By Mike Watkins//Contributor | Friday, January 17, 2020
Growing up, Kaitlyn Dobler dreamed of being two things – an astronaut and an Olympian.
Set to enroll (and swim) at the University of Southern California this fall, she’s ready to take her first educational steps toward making a future in space a reality.
As for accomplishing the Olympian part of her dream, the soon-to-be high school graduate is just a few months away from taking her first step at Olympic Trials.
And based on the year she’s had leading up to Omaha, she knows she close to realizing that dream – but if it doesn’t happen this year, she knows it’s well within reach.
“Even if I don’t make this year’s team, I know I have the 2024 Trials to try again, so I’m going into the meet in Omaha with very little pressure,” said Dobler, who will study mechanical engineering at USC and then wants to study aerospace engineering in graduate school. “But, of course, I’d really love to make this year’s team. It will be exciting.”
A relative newcomer to the national and international swimming scene – she won multiple medals last summer at FINA World Junior Championships and then followed that up with a second-place finish in the 100 breaststroke at Phillips 66 USA Swimming National Championships – Dobler has really only allowed herself to believe she can make the Olympic team within the past year or so.
With a year of milestones on the way in 2020 – turning 18, graduating high school and going to her dream college – she would certainly love to add U.S. Olympian to that list.
“I think every kid dreams of one day making the Olympic team, and I am no exception to that,” she said. “But based on the past year, I am starting to believe that I can swim well and possibly make the team at Trials.
“I didn’t make Trials cuts for the 2016 meet, so this will be my first Trials, and I’m excited to experience it all. I know it’s going to be a bit overwhelming, and I will be awestruck competing against swimmers I grew up idolizing. But I’m really looking forward to being there.”
Dobler got her start in the sport as a 3-year-old because, like a lot of young swimmers, her parents wanted her to be safe around water.
She started with basic swim lessons, and then swam recreationally before joining her club team at age 8. She loved being in the water – and she was good at it – so she stuck with it and continued to improve.
“I loved the relationships I made in swimming, and I loved being active,” she said. “My friends on my team are still one of the main reasons I enjoy going to practice every day.
“When I was in the third grade, I wrote out a New Year’s resolution that I was going to be an Olympian someday. I still have it hanging on my wall in my bedroom, and it is a great reminder of my goal.”
And while she hasn’t been to – or competed in – Trials yet, Dobler said she knows her recent experience and exposure to some of the best in her events is preparing her for what’s still to come.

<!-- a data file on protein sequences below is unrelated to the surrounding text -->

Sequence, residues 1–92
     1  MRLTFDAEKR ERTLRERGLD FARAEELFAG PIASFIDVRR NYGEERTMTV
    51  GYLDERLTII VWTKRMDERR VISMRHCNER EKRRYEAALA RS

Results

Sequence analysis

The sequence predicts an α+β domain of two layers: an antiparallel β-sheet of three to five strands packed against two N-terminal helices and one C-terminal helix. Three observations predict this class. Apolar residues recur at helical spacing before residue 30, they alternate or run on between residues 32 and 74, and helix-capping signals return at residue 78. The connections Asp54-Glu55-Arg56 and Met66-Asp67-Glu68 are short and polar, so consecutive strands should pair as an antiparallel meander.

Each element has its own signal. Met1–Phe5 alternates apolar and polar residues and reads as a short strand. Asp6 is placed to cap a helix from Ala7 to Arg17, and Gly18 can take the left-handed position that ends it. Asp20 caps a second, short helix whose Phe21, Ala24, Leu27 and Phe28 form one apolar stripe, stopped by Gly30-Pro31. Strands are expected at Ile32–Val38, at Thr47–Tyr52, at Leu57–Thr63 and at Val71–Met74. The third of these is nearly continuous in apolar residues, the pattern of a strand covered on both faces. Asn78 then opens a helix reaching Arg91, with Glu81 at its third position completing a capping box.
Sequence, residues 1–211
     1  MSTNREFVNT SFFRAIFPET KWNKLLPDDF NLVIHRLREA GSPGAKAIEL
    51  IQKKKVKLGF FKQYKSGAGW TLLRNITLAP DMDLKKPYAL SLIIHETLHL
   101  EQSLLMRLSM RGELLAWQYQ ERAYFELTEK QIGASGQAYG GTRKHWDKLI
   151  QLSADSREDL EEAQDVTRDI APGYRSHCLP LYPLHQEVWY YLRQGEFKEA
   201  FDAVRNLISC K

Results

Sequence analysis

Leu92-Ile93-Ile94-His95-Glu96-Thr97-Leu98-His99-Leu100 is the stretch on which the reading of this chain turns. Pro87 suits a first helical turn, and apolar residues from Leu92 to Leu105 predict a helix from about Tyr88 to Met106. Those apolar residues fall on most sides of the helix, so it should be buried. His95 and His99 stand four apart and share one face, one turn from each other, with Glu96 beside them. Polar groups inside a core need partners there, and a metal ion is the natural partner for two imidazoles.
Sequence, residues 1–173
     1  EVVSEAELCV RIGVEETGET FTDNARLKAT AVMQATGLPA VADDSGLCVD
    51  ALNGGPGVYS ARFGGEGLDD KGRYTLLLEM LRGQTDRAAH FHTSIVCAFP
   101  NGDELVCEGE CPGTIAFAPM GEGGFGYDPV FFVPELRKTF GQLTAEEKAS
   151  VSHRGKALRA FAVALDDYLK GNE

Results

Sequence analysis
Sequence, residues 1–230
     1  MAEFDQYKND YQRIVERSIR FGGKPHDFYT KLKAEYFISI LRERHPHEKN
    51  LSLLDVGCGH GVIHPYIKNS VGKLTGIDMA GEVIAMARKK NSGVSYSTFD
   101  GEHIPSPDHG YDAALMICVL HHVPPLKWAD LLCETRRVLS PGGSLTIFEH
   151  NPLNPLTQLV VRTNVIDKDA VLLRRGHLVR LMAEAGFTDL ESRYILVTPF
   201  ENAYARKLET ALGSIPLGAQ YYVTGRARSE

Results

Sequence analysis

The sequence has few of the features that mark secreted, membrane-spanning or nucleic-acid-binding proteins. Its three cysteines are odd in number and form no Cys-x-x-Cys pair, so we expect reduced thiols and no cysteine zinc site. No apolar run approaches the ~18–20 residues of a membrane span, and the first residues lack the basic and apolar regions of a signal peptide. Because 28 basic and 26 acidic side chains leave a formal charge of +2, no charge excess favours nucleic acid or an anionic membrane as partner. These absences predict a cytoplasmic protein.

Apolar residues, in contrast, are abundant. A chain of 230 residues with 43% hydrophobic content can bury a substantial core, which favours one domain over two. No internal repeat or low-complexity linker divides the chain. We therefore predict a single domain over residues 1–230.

Two years ago, she competed at a TYR Pro Swim event and swam in the lane next to Breeja Larson, who has been one of her favorites since she made the 2012 Olympic team.
At that same meet, she saw Katie Ledecky for the first time, and while she admits she was a bit awestruck; she quickly came to the conclusion that while they are special in the water, they are still people like her.
“That realization has helped me know that they are normal people who may be larger than life in the pool but are down-to-earth people you can have a conversation with just like anyone else,” she said.
“When we’re little, we watch them on TV or at meets and see what they are accomplishing and then build them up in our minds to be superheroes. And while they are great, they are also still people. Keeping that in mind while you’re swimming with them helps you know that you can compete with them.”
Now that she’s a member of the 2019-20 National Team, Dobler feels more legitimate than ever as a top-caliber swimmer and embraces the expectations that come with that.
In addition to her Oregon high school championship meets, she said she is planning to compete in the TYR Pro Swim Series at Mission Viejo in April and then she’ll attend the National Team camp in Colorado Springs to get in some long course training before Trials in late June.
For the time being, however, Dobler’s focus is finishing high school swimming on a high note, graduating and being in the best possible position she can be to do her best in Omaha.
“The past few years have been really fantastic for me, and I’m incredibly grateful to everyone – my parents, my coaches and my teammates – in my life who has helped me get to this point in my swimming. I couldn’t have accomplished any of this without them.
“I’ve seen some strong improvements in my swimming over this time, and my time drops within the past year, especially in the 200 breaststroke, have really given me the confidence I know I will need to compete at Trials. Mixing up my pool with dryland training has been a big part of my improvement, and I just want to keep doing whatever I need to keep getting faster.”